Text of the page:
This an interesting title for a young woman who has a clear sense of herself.  June April has a voice that’s more than a little in tune with the Creator, as well as hip hop accents and beats, neo-soul sensibilities, all informed by jazz.  Ms. April endows her controlled enthusiasms with a clear, sure voice and engages very complimentary backing musicians.  She’s comfortable scatting but not over-wrought with it.  She knows the spirituals, as is clearly displayed by an all-too-brief “Somebody’s Knockin’ at Your Door,” and she delivers a tender “Come Sunday” with stripped-down acoustic guitar accompaniment.  Above all there’s a palpable sincerity in her artistry.


Info factor: The CD booklet contains copious acknowledgements (June is one grateful woman!); lacks track listings (back jewel case only) but does contain some of her lyrics; does list personnel & songwriting credits.  Web, email and (free) download contacts are listed:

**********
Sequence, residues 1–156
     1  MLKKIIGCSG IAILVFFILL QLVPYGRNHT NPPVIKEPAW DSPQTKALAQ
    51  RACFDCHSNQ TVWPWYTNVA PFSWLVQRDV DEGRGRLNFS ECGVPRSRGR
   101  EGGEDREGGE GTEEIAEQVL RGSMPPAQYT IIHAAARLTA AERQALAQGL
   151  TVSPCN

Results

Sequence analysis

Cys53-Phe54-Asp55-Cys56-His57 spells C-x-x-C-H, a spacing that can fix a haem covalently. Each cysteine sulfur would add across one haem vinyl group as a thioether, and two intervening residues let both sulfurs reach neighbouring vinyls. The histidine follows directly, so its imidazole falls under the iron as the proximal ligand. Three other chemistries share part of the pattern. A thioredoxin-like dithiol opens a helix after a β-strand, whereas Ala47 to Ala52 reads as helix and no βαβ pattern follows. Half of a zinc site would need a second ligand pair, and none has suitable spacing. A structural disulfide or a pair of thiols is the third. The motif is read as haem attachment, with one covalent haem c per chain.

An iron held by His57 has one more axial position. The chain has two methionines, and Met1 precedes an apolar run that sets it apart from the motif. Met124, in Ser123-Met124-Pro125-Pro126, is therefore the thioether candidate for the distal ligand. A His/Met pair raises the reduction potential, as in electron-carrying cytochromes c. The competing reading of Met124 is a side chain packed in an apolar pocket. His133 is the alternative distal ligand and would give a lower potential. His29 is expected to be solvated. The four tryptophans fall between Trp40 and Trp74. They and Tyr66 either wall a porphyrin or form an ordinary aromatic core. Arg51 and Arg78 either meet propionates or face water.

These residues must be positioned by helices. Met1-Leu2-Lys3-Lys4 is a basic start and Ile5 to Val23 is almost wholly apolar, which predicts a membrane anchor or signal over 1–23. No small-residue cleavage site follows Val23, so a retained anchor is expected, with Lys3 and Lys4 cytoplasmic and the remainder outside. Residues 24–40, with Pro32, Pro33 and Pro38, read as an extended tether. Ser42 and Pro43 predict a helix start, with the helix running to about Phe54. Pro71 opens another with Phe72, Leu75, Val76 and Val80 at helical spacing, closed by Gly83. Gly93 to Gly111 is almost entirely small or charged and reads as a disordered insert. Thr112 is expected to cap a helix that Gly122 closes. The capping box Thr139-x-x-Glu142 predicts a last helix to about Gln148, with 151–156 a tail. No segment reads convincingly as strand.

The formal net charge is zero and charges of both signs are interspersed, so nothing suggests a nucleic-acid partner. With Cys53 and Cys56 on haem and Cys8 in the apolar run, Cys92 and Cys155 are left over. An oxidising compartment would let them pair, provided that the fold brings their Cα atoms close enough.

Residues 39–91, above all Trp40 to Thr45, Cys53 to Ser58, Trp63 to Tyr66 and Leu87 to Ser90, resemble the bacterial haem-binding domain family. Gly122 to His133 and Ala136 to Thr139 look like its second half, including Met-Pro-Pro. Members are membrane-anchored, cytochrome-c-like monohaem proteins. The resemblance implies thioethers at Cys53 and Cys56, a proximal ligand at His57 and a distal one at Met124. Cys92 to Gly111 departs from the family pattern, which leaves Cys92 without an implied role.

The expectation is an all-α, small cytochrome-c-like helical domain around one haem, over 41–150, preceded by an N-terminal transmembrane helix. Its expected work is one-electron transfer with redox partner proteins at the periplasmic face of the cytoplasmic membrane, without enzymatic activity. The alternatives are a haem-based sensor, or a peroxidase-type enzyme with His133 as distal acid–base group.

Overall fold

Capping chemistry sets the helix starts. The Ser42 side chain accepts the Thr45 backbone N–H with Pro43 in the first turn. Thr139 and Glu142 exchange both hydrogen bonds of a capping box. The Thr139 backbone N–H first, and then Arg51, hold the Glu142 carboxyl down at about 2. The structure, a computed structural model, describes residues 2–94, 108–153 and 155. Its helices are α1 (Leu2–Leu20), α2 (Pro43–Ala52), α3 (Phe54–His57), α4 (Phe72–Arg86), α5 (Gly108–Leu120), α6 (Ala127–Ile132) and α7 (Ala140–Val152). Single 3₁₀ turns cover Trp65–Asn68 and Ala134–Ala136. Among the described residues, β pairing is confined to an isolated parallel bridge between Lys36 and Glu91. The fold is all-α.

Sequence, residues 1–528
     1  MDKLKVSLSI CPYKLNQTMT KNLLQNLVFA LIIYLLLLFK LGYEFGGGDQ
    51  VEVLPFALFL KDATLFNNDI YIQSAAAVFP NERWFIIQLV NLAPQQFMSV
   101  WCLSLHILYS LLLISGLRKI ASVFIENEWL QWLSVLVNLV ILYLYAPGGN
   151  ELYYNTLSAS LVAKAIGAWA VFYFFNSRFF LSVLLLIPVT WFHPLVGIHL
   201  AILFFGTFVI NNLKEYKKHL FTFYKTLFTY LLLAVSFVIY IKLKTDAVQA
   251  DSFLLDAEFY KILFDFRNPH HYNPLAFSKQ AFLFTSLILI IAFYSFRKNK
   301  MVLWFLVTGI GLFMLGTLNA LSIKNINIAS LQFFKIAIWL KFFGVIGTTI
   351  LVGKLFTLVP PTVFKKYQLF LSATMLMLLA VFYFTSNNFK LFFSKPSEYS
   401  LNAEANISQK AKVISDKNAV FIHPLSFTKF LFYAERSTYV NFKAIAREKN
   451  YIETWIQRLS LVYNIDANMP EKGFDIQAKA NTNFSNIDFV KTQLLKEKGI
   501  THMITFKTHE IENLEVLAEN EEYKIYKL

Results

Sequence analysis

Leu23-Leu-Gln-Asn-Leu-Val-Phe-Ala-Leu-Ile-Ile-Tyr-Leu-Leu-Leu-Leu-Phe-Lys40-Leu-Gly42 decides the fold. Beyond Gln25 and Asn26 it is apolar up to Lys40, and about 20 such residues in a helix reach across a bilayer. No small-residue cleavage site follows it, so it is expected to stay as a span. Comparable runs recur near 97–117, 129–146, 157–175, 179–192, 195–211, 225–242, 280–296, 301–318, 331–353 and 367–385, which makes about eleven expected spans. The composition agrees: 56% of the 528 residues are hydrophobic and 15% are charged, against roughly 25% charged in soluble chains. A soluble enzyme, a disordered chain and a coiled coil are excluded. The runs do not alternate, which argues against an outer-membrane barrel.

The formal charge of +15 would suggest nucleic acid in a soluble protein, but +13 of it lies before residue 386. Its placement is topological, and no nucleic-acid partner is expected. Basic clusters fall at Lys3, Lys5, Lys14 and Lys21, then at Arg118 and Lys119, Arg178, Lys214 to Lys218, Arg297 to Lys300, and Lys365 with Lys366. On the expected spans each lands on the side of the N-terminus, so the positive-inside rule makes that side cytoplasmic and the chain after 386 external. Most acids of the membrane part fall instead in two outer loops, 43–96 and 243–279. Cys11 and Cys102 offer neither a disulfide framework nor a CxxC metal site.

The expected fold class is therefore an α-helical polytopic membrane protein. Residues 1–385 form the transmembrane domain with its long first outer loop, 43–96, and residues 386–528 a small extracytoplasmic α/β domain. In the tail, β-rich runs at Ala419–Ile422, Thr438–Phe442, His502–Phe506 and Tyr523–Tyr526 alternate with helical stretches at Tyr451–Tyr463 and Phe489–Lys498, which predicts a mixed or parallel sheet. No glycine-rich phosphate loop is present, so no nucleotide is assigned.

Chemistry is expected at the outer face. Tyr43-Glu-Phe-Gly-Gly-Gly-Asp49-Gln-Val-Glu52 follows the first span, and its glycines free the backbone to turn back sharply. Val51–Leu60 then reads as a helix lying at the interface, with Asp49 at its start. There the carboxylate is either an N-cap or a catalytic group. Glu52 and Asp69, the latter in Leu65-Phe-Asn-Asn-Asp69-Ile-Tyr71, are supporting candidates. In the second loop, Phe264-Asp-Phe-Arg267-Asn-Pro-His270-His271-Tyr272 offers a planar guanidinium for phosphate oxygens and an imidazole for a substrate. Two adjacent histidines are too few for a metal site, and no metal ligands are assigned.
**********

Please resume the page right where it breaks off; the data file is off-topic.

Info Grade: B



Terminal Clarity

NJCO 1001

Trombonilla is the clever band name for the brawny trombone of Luis Bonilla.  This date was captured in performance at The Jazz Gallery, a fearless lower West Side of Manhattan space that has welcomed more than a few adventurers like Bonilla onto its stages.  Curiously, though captured in performance this disc doesn’t have a live gig feel in its sonic landscape.  Saxophonist Donny McCaslin’s “Up Easy” reminds one of George Russell.  If you know his history perhaps you expect Luis Bonilla to deliver in an Afro-Cuban context, and he does, but in more covert ways, as on his clever ostinato “Mambostinato”.  This is decidedly a composer’s date; “Terminal Clarity”, by the other saxophonist on the date Peter Branin, is a successful tone poem and “That’s How They Get You”, a band construct, is a sleek montuno. 


Info factor: Digi-pack (no booklet); Bonilla’s web and email contact info on the back:;; track & credits info clearly listed on inside cover; no bio info or program notes.